Chariots of the Gods?
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For the 1970 documentary film, see Chariots of the Gods (film).
Chariots of the Gods? Unsolved Mysteries of the Past

Erich von Däniken
Original title
Erinnerungen an die Zukunft: Ungelöste Rätsel der Vergangenheit
Econ-Verlag (Germany), Putnam (USA)
Publication date
Media type
Followed by
The Eyes of the Sphinx
Chariots of the Gods? Unsolved Mysteries of the Past (German: Erinnerungen an die Zukunft: Ungelöste Rätsel der Vergangenheit; in English, Memories of the Future: Unsolved Mysteries of the Past) is a book authored in 1968 by Erich von Däniken. It involves the hypothesis that the technologies and religions of many ancient civilizations were given to them by ancient astronauts who were welcomed as gods.
The first draft of the publication had been rejected by a variety of publishers. The book was extensively rewritten by its editor, Wilhelm Roggersdorf (a pen name of the German screenwriter Wilhelm “Utz” Utermann). Utermann had been a Nazi bestselling author and had held a leading position with the Völkischer Beobachter.[1][2]

Contents  [hide] 
See also
External links


Statue from the late Jōmon period (1000 – 400 BC) in Japan, interpreted by von Daniken as depicting an alien visitor.

Von Däniken suggests that the Nazca lines (200 BC – AD 700) in Peru could be “landing strips” for alien spacecraft
Chariots of the Gods posits a variety of hypotheses dealing with the possibility of extraterrestrial beings influencing ancient technology. Von Däniken suggests that some ancient structures and artifacts appear to represent higher technological knowledge than is presumed to have existed at the times they were manufactured. Von Däniken maintains that these artifacts were produced either by extraterrestrial visitors or by humans who learned the necessary knowledge from them.[1][3][4]
Such artifacts include the Egyptian pyramids, Stonehenge, and the Moai of Easter Island.[5][6] Further examples include a medieval map known as the Piri Reis Map, which von Däniken describes as showing the Earth as it is seen from space,[7] and the Nazca lines in Peru, which he suggests may have been constructed by humans as crude replicas of previous alien structures, as a way to call the aliens back to Earth.[8][9][10] He uses this same explanation to argue that cart-ruts in Malta may have had extraterrestrial purposes along with similar lines in Australia, Saudi Arabia, and the Aral Sea.[8][11]
The book also suggests that ancient artwork throughout the world could be interpreted as depicting astronauts, air and space vehicles, extraterrestrials, and complex technology. Von Däniken describes elements that he believes are similar in art of unrelated cultures.[1][12][13] Some artwork that von Däniken cites include the ancient Japanese Dogū figurines (which he believed to resemble astronauts in space suits) and 3,000 year-old carvings in the Egyptian New Kingdom Temple that appear to depict helicopter-like machines.[7]
The book goes on to suggest that the origins of religions, including interpretations of the Old Testament of the Bible, are reactions to contact with an alien race. According to von Däniken, humans considered the technology of the aliens to be supernatural and the aliens themselves to be gods. Von Däniken asks if the oral and literal traditions of most religions contain references to visitors from stars and vehicles traveling through air and space. These, he says, should be interpreted as literal descriptions which have changed during the passage of time and become more obscure.[1][2][3][14]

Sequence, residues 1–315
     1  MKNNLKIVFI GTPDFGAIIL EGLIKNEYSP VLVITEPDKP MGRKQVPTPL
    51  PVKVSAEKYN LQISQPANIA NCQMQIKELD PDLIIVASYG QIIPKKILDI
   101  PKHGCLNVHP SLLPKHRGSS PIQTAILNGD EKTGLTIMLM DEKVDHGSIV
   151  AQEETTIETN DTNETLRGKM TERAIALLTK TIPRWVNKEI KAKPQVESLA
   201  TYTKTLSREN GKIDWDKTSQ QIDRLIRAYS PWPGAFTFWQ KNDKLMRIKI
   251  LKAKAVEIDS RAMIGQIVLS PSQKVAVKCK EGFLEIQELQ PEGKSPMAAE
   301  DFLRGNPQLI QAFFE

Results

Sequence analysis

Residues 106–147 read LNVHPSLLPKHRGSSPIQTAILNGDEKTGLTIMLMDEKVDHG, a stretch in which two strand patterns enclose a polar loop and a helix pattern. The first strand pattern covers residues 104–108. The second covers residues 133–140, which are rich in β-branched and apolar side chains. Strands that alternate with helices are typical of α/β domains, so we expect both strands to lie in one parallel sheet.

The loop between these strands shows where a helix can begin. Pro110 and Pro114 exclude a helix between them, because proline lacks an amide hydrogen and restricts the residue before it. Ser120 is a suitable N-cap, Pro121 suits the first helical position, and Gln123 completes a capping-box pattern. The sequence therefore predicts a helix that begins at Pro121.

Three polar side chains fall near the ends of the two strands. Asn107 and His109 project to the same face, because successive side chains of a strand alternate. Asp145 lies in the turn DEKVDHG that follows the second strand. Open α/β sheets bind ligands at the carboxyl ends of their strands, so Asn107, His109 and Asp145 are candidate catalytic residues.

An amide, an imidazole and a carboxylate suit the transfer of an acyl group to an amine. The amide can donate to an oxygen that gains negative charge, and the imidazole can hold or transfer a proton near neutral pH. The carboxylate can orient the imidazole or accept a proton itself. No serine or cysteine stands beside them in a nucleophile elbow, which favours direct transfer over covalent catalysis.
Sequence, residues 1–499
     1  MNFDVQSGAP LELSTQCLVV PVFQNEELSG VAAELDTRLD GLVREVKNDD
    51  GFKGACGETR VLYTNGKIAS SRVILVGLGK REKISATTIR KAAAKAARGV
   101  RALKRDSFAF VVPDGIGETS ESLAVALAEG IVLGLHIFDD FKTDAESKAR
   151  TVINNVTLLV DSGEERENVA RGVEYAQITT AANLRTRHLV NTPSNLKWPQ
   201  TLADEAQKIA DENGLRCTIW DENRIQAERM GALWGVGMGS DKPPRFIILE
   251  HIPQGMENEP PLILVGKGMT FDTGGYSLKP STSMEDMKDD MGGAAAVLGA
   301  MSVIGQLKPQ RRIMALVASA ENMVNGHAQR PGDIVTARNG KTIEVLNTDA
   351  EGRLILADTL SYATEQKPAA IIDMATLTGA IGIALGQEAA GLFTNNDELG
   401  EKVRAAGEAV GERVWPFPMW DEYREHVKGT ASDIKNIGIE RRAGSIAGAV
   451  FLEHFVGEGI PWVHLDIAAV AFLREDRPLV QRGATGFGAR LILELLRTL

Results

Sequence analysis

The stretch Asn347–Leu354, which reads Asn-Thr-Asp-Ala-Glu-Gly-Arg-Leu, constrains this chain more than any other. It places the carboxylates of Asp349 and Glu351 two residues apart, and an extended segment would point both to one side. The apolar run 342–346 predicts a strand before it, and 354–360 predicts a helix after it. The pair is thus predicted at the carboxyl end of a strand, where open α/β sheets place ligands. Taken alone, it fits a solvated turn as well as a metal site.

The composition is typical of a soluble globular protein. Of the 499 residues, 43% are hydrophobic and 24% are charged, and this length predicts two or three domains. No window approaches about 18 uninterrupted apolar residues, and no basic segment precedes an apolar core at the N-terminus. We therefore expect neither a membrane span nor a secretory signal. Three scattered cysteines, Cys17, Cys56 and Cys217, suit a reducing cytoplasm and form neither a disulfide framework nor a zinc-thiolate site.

Examples include Ezekiel’s vision of the angels and the wheels, which Von Däniken interprets as a description of a spacecraft, the Ark of the Covenant, which is explained as a communication device with an alien race, and the destruction of Sodom by fire and brimstone, which is interpreted as a nuclear explosion.[1][14][15][16] Von Däniken attempts to draw an analogy with the “cargo cults” that formed during and after World War II, when once-isolated tribes in the South Pacific mistook the advanced American and Japanese soldiers for gods.[2][12]
Von Däniken also spends around one-third of the book discussing the possibility that humans could theoretically offer primitive civilizations on interstellar worlds advanced technology by the year 2100. This would, he writes, mimic the ancient extraterrestrial contact von Däniken believed to have happened on Earth.[4][17]
Many scientists and historians have rejected his ideas, claiming that the book’s conclusions were based on faulty, pseudoscientific evidence, some of which was later demonstrated to be fraudulent or fabricated, and under illogical premises. For example, Ronald Story wrote a book rebutting von Däniken’s ideas in 1976 titled The Space Gods Revealed. A similar internationally bestselling book, titled Crash Go The Chariots by Clifford Wilson, appeared in 1972.
Soon after the publication of Chariots of the Gods?, von Däniken was accused of stealing the ideas of French author Robert Charroux.[18]
A 2004 article in Skeptic magazine[19] states that von Däniken plagiarized many of the book’s concepts from The Morning of the Magicians, that this book in turn was heavily influenced by the Cthulhu Mythos, and that the core of the ancient astronaut theory originates in H. P. Lovecraft’s short stories “The Call of Cthulhu” and “At the Mountains of Madness.”

The iron pillar of Delhi, erected by Chandragupta II the Great, which von Däniken claimed did not rust.